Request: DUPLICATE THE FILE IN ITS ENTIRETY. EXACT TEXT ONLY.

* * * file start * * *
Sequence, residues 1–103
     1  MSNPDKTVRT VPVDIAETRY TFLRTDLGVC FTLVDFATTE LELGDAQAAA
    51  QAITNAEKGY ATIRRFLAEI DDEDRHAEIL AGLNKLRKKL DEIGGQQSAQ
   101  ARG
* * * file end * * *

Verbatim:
Sequence, residues 1–103
     1  MSNPDKTVRT VPVDIAETRY TFLRTDLGVC FTLVDFATTE LELGDAQAAA
    51  QAITNAEKGY ATIRRFLAEI DDEDRHAEIL AGLNKLRKKL DEIGGQQSAQ
   101  ARG